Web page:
In the first Diocesan Assembly since the release of the OCA’s Special Investigative Committee and the retirement of Metropolitan Herman, delegates from the Midwest gathered in Chicago to set the diocesan house in order before the November All North American Council of the OCA.
Of concern – the auditors’ report showed a lot of messy record keeping and accounting practices. Though nothing unseemly was charged, nevertheless considering the OCA’s long running bout with financial scandal it is unconscionable that the Diocesan financial records should be in the shape that they are in. The diocese needs to get its records and house in order. Additionally, the hint of a deficit budget in the current U.S. financial crisis is also not acceptable. The diocese does need to live within its budget, even when harsh economic times and a declining membership impose unfavorable restrictions on the budget.
Of hope – the Assembly did direct the Diocesan Council to actively begin a search for candidates for the episcopacy. With Archbishop Job announcing his retirement two years from now and with the possibility that he could be elected metropolitan this year, the diocese took a proactive step in ordering a the Diocesan Council to take a serious look at candidates and qualifications.
Challenge – the Diocesan Assembly did throw its voice support to backing the Western Pennsylvania Diocese’s Resolution to reduce the assessment paid to the central church from $105 to $50/member/year. This certainly is a challenge to the central church to justify the assessment it collects from every parish. It means the Diocese wants its delegates to the ANAC to take up the fight for a smaller central church administration. One thing that seemed misunderstood – much of the discussion made it sound like reducing the Assessment involved having the OCA rebate monies back to the parishes. The reality is the money will not be sent in the first place – it remains in the parish, and so parishes and diocese will not be getting money back – they won’t be sending it in the first place. Thus if parishes continue to raise that money, it will give them additional funding it their own budgets for home mission and ministry. Some may simply be able to scale back their parish budgets as they will need less funds to send to the diocesan and central church administrations.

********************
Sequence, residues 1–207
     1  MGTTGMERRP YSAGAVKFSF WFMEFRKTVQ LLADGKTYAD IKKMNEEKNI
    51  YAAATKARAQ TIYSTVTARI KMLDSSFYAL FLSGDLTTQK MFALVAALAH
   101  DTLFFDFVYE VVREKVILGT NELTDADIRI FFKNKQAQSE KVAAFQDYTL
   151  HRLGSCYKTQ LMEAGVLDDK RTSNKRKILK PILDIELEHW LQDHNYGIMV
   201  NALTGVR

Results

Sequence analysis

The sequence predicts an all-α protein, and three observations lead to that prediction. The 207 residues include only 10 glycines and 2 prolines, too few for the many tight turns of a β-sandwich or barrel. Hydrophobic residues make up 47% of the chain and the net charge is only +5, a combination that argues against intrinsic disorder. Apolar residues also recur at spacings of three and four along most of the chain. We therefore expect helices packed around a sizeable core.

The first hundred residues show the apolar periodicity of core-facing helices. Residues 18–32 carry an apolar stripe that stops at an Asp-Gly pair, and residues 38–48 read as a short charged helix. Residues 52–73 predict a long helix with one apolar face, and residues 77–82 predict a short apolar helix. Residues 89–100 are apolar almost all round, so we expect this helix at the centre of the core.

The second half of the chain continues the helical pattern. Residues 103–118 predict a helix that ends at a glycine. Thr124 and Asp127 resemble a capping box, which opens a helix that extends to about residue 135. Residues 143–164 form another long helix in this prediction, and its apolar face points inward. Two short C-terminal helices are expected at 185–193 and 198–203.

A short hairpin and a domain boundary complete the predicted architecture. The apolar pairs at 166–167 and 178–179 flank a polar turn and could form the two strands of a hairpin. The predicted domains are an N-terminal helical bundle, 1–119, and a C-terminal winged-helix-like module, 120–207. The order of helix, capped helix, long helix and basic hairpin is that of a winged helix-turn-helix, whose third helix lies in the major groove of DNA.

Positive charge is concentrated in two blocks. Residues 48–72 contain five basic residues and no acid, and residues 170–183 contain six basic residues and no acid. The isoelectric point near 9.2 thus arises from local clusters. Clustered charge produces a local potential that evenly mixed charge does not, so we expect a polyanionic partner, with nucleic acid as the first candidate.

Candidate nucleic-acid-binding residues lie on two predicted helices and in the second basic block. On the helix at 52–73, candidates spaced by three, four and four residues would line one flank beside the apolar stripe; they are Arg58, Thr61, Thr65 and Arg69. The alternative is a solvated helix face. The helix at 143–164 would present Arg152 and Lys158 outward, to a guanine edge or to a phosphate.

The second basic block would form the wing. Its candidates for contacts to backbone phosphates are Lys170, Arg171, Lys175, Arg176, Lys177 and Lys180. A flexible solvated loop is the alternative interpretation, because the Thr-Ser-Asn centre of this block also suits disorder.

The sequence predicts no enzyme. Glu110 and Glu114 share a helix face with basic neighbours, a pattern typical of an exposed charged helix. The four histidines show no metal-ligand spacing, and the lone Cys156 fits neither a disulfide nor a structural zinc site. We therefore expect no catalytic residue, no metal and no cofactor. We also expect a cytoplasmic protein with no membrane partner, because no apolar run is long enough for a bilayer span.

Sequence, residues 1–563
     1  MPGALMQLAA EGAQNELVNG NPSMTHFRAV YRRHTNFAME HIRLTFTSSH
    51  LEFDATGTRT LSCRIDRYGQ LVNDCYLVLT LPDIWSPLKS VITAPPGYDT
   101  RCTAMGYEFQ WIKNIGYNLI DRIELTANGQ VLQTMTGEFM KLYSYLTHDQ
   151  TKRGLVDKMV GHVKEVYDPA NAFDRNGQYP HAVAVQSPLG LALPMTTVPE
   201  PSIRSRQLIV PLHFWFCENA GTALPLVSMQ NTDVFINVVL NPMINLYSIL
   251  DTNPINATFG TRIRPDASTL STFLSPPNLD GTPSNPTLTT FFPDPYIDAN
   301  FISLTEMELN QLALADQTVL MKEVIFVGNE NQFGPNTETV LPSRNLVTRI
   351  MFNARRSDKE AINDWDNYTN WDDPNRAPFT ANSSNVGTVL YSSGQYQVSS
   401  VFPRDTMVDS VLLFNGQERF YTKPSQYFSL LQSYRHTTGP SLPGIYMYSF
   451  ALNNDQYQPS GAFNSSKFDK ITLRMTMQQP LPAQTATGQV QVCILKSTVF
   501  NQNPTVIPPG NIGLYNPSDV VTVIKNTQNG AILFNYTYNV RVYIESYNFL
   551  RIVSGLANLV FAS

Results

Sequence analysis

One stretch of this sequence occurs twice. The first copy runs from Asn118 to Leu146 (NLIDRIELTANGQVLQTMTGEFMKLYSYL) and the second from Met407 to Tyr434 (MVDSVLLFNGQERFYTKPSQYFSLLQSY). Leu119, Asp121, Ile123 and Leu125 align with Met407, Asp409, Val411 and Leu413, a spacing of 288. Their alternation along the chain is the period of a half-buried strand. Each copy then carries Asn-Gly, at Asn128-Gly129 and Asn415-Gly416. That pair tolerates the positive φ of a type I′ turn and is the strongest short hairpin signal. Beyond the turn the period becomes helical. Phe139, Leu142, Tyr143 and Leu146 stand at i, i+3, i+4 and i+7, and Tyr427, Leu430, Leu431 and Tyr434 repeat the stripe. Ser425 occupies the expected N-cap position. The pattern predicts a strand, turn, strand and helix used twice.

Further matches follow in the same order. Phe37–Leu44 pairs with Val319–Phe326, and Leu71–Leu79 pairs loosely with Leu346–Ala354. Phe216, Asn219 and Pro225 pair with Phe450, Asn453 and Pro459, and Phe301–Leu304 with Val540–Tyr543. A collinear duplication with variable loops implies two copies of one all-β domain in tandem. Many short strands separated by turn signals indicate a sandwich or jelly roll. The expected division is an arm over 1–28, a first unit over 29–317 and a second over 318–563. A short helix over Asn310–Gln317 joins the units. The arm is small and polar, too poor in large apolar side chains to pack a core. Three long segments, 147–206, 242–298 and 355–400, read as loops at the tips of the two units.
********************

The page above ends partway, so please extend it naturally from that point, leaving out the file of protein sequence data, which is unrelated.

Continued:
A demand – The assembly asks the Metropolitan Council to order an audit of the lands and leases in the Diocese of Alaska. In so doing the Midwest Diocese pushes for continued transparency and accountability throughout the OCA. This time around the Assembly takes upon itself the role of the Good Samaritan and refuses to walk by the injured body of a fellow diocese.
A Call for Vision – several delegates articulated the need for the OCA to have a clear vision, and then to direct its resources toward fulfilling that vision. There is a hope among some that the OCA will start being the Church in America rather than playing at it. The OCA has wasted much time creating its persona (the ancient Greek mask of its drama) rather than building up its body/person/hypostasis. Orthodoxy argued theologically that Christ is a person/hypostasis of the Trinity, not a mode or a mask. The Church as the Body of Christ must also be in the same way real, foundational, and not just mask/mode which has no substance.